5. Talk about what makes a good devotional book. Encourage the students to share and discuss the key elements of good, age-appropriate devotionals. Determine the key traits they want their finished product to contain. Keep in mind the ages and needs of the group they have decided to work with. Talk about how writing and sharing this devotional is an act of service; discuss the impact their service will have.

  6. Determine the overall theme of the devotional (such as Advent or stories of Jesus' life).

  7. Session Two:

  8. Lead the students in a prewriting activity to determine the content for the devotional. Demonstrate the process using Handout One: Devotion Pre-Writing Chart. This will help the class decide the topics each student will write about and what verses and characters to use related to the theme they selected. You may copy the chart handout for each student, or they may create the chart in their writers notebooks.

  9. Discuss the academic middle school curriculum standards this writing activity addresses.

  10. Students complete the chart and prepare to discuss their ideas in the next session. They may need Bibles and access to the Internet for story ideas.

  11. Session Three:

  12. Put several pieces of chart paper around the room. Tell the students to each write their favorite idea (message and verse) from the previous session's pre-writing activity on a chart. Several students can write on each chart. Tell them to write big enough so they can read the charts from their seats when you hang them up around the room. In this way, you get lots of ideas up quickly for all to see.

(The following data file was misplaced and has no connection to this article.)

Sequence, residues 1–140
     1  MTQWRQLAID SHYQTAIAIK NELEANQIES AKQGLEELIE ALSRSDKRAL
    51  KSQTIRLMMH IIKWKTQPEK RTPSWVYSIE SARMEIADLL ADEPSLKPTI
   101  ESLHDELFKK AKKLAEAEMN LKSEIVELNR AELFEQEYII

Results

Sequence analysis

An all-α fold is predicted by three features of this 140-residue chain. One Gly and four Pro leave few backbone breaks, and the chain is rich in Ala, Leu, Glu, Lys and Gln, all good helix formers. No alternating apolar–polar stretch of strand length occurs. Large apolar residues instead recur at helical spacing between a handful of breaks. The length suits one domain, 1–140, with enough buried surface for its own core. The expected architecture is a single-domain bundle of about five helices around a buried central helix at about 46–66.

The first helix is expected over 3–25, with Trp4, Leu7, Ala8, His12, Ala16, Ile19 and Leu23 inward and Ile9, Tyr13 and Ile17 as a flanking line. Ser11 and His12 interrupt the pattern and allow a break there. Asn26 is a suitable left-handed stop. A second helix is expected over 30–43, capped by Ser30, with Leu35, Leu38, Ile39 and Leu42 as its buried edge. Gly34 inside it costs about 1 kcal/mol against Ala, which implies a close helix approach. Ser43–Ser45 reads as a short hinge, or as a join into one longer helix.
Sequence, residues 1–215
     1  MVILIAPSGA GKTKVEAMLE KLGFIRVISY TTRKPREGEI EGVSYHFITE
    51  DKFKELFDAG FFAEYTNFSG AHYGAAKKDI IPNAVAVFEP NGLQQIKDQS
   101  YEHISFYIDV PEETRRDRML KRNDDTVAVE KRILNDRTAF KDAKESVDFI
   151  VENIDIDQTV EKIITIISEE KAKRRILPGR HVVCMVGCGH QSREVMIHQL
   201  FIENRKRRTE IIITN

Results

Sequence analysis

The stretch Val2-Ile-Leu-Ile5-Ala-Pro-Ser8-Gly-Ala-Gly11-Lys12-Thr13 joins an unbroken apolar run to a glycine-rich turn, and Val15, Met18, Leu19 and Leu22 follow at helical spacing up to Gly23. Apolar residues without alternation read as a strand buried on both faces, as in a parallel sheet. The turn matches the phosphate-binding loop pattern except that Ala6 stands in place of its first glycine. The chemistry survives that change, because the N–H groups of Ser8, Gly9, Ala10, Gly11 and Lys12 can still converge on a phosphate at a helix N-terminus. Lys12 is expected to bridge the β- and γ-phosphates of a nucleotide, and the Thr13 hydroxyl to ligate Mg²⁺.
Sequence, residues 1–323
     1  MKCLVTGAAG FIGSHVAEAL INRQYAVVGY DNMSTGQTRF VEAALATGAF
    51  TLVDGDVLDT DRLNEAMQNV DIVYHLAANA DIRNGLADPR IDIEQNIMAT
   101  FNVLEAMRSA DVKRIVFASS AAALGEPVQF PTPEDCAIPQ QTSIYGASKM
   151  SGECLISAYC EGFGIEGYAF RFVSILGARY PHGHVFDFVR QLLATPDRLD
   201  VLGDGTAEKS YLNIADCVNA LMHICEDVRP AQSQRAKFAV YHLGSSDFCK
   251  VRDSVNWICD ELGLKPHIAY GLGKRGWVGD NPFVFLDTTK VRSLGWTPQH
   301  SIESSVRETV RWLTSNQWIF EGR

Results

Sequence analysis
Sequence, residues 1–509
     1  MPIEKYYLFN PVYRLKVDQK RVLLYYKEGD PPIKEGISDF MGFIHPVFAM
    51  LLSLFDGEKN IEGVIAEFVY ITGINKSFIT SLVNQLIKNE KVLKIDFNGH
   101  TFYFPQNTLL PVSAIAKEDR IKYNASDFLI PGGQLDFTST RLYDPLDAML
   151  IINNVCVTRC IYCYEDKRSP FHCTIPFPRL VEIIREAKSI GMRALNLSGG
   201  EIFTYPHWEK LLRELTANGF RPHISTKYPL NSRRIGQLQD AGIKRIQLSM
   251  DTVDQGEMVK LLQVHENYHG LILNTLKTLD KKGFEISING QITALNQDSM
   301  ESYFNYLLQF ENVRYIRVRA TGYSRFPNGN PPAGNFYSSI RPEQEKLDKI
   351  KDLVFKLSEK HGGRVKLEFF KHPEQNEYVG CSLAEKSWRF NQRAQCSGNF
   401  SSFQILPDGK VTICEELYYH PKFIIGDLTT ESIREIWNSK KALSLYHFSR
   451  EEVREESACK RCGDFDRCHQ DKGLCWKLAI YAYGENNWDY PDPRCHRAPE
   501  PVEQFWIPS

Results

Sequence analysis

13. Ask the students to skim over all the ideas, reading to give feedback about the content.

  14. Students may make suggestions for appropriate Bible verses, tweaks to the message, and examples. Some students may have other ideas on their pre-writing sheets to share with students whose ideas don't fit the devotional theme or don't seem age-appropriate. This is a time for the students to collaborate and help each other get a good start on their writing.

  15. Mini-lesson: Demonstrate how to use the Pre-Writing Template (Handout Two) to help them plan their draft. Show students an example of a teacher-written devotion. Point out the features and age-appropriate elements. Give each student a copy of Handout Two so they can plan their devotion.

  16. Give the students a copy of Handout Three: Devotional Rubric and discuss the expectations for the final product. Review the goals and the impact of the project on themselves and the children they serve.

  17. Allow time for students to begin writing/typing their rough draft of their devotion (may be completed as homework). Students save their drafts.


Students write in their writers notebooks about the impact their project may have on the social, literacy and faith development of the children they work with. Encourage them to write about their personal goals related to this service-learning project.